Sunday, August 14, 2011

Fireworks In Kansas Are Twenty Six Percent More Fun

A fact which I proved using the scientific method.

So, as we have previously established, I have spent several summers in Kansas, where there are apparently no laws and anarchy rules. At least when it comes to fireworks.

I live in California, where, if you so much as snap your fingers too loud on the 4th of July, a SWAT team will materialize and stab you in the face until you are no longer a fire hazard. The laws we have on fireworks are more strict than a pile of nuns. An open flame from the summer solstice to the fall equinox is treated like the Devourer of Worlds. Basically, I didn't even realize that you could blow things up in a socially acceptable manner on Independence day until I went to Kansas, and the introduction to destruction they gave me was heart warming.

Well, to be more accurate, it was chest warming, because my shirt was on fire, but I'm getting to that.

The first summer I was in Kansas, it was too dry on the fourth to do much more than throw those dinky little poppers that crack when they hit the ground. It was depressing, especially since the family I was with had talked about the insanity that was going to happen and had shown me their "secret stash" of home made fireworks (which looked like a secret munitions dump, but I was too stupid to be worried). That night, though, a magnificent summer storm happened. It was like the sky itself objected to the lack of lights and loud noises and decided to oblige us. I have some of those lighting strikes burned in to my retina to this day, because they were so ridiculously bright, close, and beautiful. And then it poured a hot rain (another unheard of thing where I come from) for three hours, slightly flooding the yard.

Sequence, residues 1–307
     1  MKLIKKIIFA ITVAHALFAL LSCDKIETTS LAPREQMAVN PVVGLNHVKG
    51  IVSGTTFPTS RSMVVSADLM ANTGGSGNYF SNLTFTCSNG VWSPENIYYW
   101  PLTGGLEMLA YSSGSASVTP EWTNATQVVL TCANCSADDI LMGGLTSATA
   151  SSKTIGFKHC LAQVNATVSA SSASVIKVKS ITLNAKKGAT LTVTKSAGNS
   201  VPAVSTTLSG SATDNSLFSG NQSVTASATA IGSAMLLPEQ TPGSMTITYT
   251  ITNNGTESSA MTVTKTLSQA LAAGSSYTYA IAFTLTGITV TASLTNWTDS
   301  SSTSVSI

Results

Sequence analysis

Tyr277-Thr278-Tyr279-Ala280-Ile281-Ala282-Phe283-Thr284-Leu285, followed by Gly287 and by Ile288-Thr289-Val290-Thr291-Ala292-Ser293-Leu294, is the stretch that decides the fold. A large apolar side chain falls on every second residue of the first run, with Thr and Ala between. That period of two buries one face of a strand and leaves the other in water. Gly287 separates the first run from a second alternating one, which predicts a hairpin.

I woke up on the fifth to an explosion. Not a big one, but big enough to jerk me out of a dream where I was chasing sheep and make me fall out of bed.

It was a bunk bed, and I was in the top bunk, so I wasn't going to back to sleep any time soon. I headed outside to see what had happened.

The sky was clear blue, puddles were on the ground, and the entire family of crazies were lighting things and throwing them at each other.

They had taken apart several strings of crackers, carefully separating the fuses and cutting them, so instead of a lot of bangs at once, they would light a single one and throw it.

There was no way to tell how long a fuse would burn before it went off. I had several go off in my hand less than a second after I lit it, which is why I'm typing this blog with only eight fingers, but there were a few that burned for a good five seconds after I had thrown them before going off.

There was relatively little risk when it came to getting hit with one, since most of the time they would either go off in the air before they reached you or bounce harmlessly off you and go off on the ground.

But I was good at timing. Even with a fuse that had exactly zero way to tell how long it would last, I managed to blow them up when they were close enough to feel fairly consistently.

This, naturally, annoyed my good friend.

They kept them in a bucket. You would grab a handful for ammunition, and when you ran out a cease fire was called and everybody went and got more.

I get Joey one too many times, and he grabs the bucket and tosses a match inside. I started running. He waited until they began going off, and threw them all at me.

It would have made an excellent slow motion scene, if my life was a movie. Stepping high as I sprinted away from him, the air itself exploding around me, I laughed and laughed...

When darkness fell, we began shooting off the big stuff. We shredded the sky with lights and sounds, and it was glorious. There was no patriotism. It was just the joy of stimulation.

No comments:

Post a Comment